When the vehicle 100 is operated at a predetermined speed with unlocked doors (i.e., in the unlock state of the locking device 102), the ECU 108 operates the electric actuator 107 in response to a signal generated by the vehicle speed sensor 110. In such a case, the electric actuator 107 causes knob 106 to be placed in a lowered or depressed position. The actuator 107 thus causes the locking mechanism to secure the door 101 in a locked state. In other words, the electric actuator 107 pulls down the knob 106 and actuates the locking mechanism in the locking device 102 through the lever 105. Thus, the locking device 102 comes into the lock state in which the door 101 cannot be opened even if the door handle 103 is operated.

When the safe lock switch 109 is operated by a vehicle's operator, with the device 102 in the lock state, for the purpose of opening the door, the ECU 108 operates the electric actuator 107 to pull up the knob 106 and brings the locking device 102 into the unlock state, in which the door 101 can be opened if the door handle 103 is operated. On the other hand, when the safe lock switch 109 is operated by the vehicle's operator with the device 102 in the unlock state, the ECU 108 operates the electric actuator 107 and actuates the locking mechanism in the locking device 102 through the lever 105. Thus, the locking mechanism is forcibly operated independently of the vehicle speed to establish the lock state, in which the door 100 cannot be opened even if the door handle 103 is operated.

In addition to the above operation, the locking mechanism can also be manually operated by a vehicle passenger by physically manipulating the knob 106 up or down to respectively lock or unlock the door 101 (i.e., to bring the locking mechanism into the lock state or unlock state).

An Examined Japanese Patent Publication No. 3-25590 discloses a traditional electric actuator for switching the locking device 102 between the lock state and unlock state. This electric actuator comprises a rotary disc having a cam groove and a cam follower lever provided with a cylindrical cam follower. As the rotary disc is rotated clockwise by a drive motor, the cam follower slides along the cam groove of the rotary disc. When the cam follower comes into contact with a first abutting portion formed in the cam groove to define a locking position, the rotation of the rotary disc is regulated. Then, the cam follower lever operates the locking device to bring the door into the lock state. On the other hand, when the rotary disc is rotated counter-clockwise, this causes the cam follower to contact with a second abutting portion formed in the cam groove to define an unlocking position. Consequently, its rotation is regulated, and the cam follower lever operates the locking device to bring the door into the unlock state.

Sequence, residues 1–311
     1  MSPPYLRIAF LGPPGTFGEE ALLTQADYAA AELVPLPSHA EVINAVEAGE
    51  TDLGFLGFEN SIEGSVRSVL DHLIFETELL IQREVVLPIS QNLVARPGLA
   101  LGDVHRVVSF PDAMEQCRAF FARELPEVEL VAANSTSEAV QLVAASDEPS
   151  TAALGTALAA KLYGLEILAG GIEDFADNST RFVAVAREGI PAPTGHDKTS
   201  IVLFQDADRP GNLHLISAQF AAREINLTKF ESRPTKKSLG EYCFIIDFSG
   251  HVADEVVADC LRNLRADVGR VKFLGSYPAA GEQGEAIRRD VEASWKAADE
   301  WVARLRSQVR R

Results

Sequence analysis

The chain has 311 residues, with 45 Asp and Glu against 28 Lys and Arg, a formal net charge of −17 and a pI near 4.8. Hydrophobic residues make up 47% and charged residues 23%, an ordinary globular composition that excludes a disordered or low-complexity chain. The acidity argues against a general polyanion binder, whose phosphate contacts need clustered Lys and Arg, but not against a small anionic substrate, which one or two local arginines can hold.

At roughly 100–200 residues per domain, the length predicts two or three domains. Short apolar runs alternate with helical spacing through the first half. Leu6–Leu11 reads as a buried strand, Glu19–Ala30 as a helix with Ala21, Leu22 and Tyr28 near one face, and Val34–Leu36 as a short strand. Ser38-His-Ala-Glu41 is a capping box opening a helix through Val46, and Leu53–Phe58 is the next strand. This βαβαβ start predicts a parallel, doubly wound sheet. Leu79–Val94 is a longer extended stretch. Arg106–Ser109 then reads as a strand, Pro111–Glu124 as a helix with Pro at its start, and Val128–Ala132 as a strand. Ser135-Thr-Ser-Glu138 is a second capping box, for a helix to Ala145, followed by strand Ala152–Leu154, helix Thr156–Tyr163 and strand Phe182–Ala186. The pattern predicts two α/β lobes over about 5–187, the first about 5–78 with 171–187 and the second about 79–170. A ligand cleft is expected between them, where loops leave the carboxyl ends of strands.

The cam follower lever in the conventional actuator, however, utilizes only one cam follower. Each time the single cam follower slides along the cam groove, it comes into collision against the inner walls of the cam groove at the first and second abutting portions. In addition, the cam follower is always in sliding contact with the cam groove. As a result, the cam follower is subject to being seriously worn.